podnames match the given glob/wildcard expression. For example, you
might limit your search to just "LWP::*", to search only for modules
starting with "LWP::*" (but not including the module "LWP" itself); or
you might limit your search to "LW*" to see only modules whose (full)
names begin with "LW"; or you might search for "*Find*" to search for
all modules with "Find" somewhere in their full name. (You can also use
"?" in a glob expression; so "DB?" will match "DBI" and "DBD".)

=item $search->callback( I<\&some_routine> );

This attribute means that every time this search sees a matching
Pod file, it should call this callback routine.  The routine is called
with two parameters: the current file's filespec, and its pod name.
(For example: C<("/etc/perljunk/File/", "File::Crunk")> would
be in C<@_>.)

The callback routine's return value is not used for anything.

This attribute's default value is false, meaning that no callback
is called.

=item $search->laborious( I<true-or-false> );

Unless you set this attribute to a true value, Pod::Search will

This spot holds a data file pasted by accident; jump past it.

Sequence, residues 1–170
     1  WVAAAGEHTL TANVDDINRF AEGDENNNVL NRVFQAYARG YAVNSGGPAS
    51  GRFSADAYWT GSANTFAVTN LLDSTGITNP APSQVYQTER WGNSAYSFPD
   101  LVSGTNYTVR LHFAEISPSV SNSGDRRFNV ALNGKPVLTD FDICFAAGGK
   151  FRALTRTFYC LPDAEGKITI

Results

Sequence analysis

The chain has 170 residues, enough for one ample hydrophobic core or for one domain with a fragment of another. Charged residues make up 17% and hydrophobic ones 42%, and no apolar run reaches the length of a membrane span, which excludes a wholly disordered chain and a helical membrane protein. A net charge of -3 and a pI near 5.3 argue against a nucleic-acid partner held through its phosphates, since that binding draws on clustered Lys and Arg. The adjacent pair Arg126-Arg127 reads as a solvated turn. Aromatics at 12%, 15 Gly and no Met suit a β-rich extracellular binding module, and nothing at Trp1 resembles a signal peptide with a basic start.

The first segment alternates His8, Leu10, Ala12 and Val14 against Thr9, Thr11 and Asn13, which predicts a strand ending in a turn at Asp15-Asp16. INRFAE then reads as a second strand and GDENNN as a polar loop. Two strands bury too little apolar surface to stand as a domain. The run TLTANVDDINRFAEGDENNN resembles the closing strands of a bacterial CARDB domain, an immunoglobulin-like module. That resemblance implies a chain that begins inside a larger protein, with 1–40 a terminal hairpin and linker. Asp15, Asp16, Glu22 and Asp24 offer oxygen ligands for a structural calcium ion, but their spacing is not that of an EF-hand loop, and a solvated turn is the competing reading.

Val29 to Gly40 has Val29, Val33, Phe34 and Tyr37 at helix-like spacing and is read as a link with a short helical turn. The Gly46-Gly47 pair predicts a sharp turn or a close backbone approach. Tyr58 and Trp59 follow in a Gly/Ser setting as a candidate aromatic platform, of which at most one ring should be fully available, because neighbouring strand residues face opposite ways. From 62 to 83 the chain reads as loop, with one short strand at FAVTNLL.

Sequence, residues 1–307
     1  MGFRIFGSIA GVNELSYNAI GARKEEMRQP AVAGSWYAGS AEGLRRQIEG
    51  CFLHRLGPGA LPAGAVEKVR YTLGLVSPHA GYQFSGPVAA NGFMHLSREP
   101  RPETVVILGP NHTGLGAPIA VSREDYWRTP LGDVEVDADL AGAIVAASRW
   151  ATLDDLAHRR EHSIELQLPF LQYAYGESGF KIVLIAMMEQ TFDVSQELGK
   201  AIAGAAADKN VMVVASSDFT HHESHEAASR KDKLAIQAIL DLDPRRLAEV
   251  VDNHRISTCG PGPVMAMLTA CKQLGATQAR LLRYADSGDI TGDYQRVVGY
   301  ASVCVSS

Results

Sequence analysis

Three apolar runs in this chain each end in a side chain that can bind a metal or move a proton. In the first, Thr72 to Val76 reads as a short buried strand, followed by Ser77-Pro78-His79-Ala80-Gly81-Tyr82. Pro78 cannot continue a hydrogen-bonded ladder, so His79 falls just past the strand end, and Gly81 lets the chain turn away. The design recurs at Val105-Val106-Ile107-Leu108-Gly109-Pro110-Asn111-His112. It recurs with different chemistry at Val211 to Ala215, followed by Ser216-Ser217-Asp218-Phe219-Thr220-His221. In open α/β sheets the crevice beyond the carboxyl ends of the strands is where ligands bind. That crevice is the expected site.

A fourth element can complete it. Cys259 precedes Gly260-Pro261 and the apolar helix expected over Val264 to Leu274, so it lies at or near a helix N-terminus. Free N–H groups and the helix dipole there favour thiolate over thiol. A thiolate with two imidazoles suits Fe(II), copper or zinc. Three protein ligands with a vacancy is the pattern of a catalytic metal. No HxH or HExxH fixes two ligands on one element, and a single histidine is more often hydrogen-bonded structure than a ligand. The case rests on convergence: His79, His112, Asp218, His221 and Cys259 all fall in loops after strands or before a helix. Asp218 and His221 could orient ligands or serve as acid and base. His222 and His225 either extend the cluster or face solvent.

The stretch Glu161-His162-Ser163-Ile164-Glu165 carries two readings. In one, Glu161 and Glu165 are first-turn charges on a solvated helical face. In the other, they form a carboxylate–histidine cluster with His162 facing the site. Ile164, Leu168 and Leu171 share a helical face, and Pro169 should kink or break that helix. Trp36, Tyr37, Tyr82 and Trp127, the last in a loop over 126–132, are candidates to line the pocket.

apply Perl-specific heuristics to find the correct module PODs quickly.
This attribute's default value is false.  You won't normally need
to set this to true.

Specifically: Turning on this option will disable the heuristics for
seeing only files with Perl-like extensions, omitting subdirectories
that are numeric but do I<not> match the current Perl interpreter's
version ID, suppressing F<site_perl> as a module hierarchy name, etc.

=item $search->recurse( I<true-or-false> );

Unless you set this attribute to a false value, Pod::Search will
recurse into subdirectories of the search directories.

=item $search->shadows( I<true-or-false> );

Unless you set this attribute to a true value, Pod::Simple::Search will